India's Proposed EU-like Antitrust Law Impact on Tech Firms

Navigating the new compliance frontier: India's antitrust reforms
India's Proposed EU-like Antitrust Law Impact on Tech Firms

India, the largest democratic country and a digital market powerhouse in the world, is on the verge of implementing a new antitrust law that seems to have pulled its cues from the Digital Markets Act of the European Union. The act is under the government's consideration as a move against the dominance of big tech companies toward a more equal digital ecosystem. So, how is the law likely to directly or indirectly impact the operations of tech firms in this country?

Whom Does It Affect?

It will apply to "systemically important digital intermediaries"—in other words, big digital platforms that have a worldwide turnover of at least $30 billion and a minimum of 10 million users in the country. Leading companies such as Google, Apple, Meta (Facebook holding), Amazon, and others would come under this definition.

Key Provisions and Their Implications:

Fairness and Non-discrimination: The obligation to treat tech giants fairly and without discrimination could prevent some practices that are part of the existing repertoire of many of them, such as favoring their own services over their competitors in such matters as preferred placement in search results or app stores.

Data protection: The legislation may prevent firms from exploiting the non-public data of their users for their own benefit. This may restrain the functioning of targeted advertising, which is entirely based on user profiling, and increase user privacy in the long term.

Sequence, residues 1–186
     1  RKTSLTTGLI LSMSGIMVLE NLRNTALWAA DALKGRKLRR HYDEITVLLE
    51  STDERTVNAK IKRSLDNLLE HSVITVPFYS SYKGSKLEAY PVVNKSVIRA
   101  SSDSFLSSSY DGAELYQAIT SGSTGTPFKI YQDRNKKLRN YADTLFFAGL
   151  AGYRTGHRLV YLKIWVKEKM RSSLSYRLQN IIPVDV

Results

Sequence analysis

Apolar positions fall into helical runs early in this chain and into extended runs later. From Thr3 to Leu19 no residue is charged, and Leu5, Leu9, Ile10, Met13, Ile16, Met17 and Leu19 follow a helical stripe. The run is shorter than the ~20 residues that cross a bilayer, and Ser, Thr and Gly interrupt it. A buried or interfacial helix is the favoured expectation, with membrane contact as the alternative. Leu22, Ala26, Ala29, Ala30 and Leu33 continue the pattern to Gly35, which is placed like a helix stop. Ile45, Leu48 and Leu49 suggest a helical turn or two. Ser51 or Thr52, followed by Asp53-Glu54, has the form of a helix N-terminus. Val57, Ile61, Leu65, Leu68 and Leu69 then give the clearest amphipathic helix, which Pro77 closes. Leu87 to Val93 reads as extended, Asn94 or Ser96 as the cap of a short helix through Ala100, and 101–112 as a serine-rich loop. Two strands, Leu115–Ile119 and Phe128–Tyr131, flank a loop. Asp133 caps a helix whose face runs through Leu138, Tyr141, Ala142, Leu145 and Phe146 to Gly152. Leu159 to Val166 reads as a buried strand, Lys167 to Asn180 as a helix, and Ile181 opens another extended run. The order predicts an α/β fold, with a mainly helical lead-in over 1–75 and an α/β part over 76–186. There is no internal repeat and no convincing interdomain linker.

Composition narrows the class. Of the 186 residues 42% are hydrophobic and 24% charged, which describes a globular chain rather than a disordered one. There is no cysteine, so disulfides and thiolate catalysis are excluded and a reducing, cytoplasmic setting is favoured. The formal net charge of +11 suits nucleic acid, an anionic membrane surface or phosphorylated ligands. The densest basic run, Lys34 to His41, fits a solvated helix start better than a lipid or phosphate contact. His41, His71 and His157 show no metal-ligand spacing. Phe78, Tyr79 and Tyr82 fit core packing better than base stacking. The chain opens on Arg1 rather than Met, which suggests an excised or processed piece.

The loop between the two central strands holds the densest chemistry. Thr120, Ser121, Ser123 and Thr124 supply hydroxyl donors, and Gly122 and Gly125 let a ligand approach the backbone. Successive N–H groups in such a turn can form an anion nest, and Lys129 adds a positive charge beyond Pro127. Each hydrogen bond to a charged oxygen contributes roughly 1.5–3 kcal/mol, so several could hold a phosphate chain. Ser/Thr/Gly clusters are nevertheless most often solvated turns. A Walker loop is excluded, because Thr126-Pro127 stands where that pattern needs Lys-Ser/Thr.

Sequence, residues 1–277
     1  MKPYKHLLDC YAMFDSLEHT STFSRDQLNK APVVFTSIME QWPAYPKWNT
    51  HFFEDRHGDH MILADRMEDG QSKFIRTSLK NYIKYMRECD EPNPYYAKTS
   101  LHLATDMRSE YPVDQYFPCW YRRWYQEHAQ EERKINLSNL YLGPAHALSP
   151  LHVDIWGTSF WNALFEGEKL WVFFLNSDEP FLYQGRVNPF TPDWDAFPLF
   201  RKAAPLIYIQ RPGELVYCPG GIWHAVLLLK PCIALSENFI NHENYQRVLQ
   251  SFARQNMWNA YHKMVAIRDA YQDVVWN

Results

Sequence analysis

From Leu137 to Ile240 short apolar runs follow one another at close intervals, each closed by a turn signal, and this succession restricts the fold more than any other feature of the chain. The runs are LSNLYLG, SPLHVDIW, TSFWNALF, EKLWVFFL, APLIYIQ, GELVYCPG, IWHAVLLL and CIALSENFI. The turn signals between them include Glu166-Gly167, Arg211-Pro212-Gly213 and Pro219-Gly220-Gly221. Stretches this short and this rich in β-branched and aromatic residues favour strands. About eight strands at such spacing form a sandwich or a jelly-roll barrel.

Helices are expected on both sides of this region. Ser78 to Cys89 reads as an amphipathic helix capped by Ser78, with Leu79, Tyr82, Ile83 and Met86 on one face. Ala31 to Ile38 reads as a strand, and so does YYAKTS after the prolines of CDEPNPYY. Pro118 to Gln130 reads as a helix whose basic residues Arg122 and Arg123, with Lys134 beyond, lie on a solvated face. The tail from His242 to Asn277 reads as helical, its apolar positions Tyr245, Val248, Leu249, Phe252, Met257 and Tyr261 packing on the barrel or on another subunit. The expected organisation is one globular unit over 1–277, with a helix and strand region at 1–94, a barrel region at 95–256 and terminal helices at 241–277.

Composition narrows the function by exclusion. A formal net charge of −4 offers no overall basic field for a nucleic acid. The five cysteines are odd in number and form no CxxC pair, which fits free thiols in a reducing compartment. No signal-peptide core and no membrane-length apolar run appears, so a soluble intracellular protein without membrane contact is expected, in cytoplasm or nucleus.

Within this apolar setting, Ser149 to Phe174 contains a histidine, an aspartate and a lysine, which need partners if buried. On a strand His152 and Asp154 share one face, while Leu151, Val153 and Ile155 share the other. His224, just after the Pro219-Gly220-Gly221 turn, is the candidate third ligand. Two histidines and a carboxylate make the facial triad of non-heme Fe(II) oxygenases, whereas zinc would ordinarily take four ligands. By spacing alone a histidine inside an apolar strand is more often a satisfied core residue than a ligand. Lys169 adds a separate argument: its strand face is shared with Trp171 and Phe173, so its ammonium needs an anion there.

Interoperability and Openness: The legislation may require tech companies to permit users to install/uninstall pre-installed apps, to download third-party apps from outside their app stores, and to opt for third-party defaults. This may undermine the garden-walled ecosystems developed by some tech firms, increase user choice and innovation, and add to the fairness noted in the previous section.

Sanctions and Fines for Violations: The envisaged penalties for violations are quite severe. They may reach up to 10% of the total turnover of a company and are supposed to be quite a significant discouraging factor from entering the realm of non-competitive behavior.

Expected Outcomes:

Augmented Competition: The new law is expected to ensure that there is a level playing field for all the smaller players—no dominance by the big tech. This seems practical and might sanction a much more vibrant tech industry in India, rich with innovation and new offerings for the consumer.

User Empowerment: It possibly makes users feel more empowered regarding data privacy and open platforms. More in control of their data and choices within the digital ecosystem.

Compliance Costs: Compliance under the new regulations would increase, right from business model changes to app store policies and changes in data practices.

Legal Challenges: As is indeed the case with any new law, there likely will be legal challenges against certain provisions or arguments on the entire framework that tech companies might want to contest.

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